The Obama administration’s cautious approach to the latest eruption in tensions between two major Middle Eastern powers reflects a reluctance to take sides in a dispute where it believes both are at fault, and a sense that a strong U.S. intervention would have little effect and might make things worse.
Secretary of State John F. Kerry spoke by telephone Monday with Saudi Arabia’s deputy crown prince and defense minister, Mohammed bin Salman, and with Foreign Minister Adel al-Jubeir, following a call Sunday to Iranian Foreign Minister Mohammad Javad Zarif, senior administration officials said.
Kerry appealed to both sides to deescalate their dispute — which was sparked over the weekend when the Saudis executed a prominent Shiite cleric, mobs attacked the Saudi Embassy in Tehran in retaliation, and Riyadh then severed diplomatic relations with Iran — before it goes any further. But “ultimately these are issues that these countries have to work out for themselves,” State Department spokesman John Kirby said.
“If you’re asking if we’re trying to be a mediator in all this, the answer is no,” Kirby told reporters.
At the White House, press secretary Josh Earnest emphasized the same message. “I guess the point is there’s plenty of blame to go around, and what we would like to see is all sides begin to take the kinds of steps that will deescalate and not inflame the tensions that are obviously pretty raw right now.”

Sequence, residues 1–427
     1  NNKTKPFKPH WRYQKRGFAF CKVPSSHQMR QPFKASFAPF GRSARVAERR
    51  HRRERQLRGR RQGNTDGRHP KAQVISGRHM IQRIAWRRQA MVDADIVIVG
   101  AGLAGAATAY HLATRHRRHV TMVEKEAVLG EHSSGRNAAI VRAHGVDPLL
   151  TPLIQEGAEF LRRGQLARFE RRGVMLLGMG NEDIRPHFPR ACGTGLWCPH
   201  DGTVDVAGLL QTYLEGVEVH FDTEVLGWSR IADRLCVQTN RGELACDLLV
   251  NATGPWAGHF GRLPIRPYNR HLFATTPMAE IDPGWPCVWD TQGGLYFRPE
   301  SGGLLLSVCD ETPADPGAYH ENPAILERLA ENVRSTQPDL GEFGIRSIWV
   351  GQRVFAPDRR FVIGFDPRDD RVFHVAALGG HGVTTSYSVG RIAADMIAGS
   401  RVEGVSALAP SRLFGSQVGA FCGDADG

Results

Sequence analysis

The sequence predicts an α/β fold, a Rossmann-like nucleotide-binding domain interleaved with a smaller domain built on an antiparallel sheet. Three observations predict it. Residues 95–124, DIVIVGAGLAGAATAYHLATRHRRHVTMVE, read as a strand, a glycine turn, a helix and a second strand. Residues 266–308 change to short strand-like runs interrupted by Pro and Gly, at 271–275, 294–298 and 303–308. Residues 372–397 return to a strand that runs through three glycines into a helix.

The administration’s attempt at balance illustrates the thin line the United States walks in maintaining a strong relationship with Saudi Arabia, a major oil producer and regional power whose conservative Sunni majority has long been seen as part of the problem as well as the solution in countering terrorist groups such as al-Qaeda and the Islamic State.
The call for both sides to calm down brought criticism from at least two Republican presidential candidates, Ben Carson and Carly Fiorina. Both called Saudi Arabia a strong U.S. ally that should be supported, and they repeated their criticism of the Iran nuclear deal as a partial explanation for Saudi actions.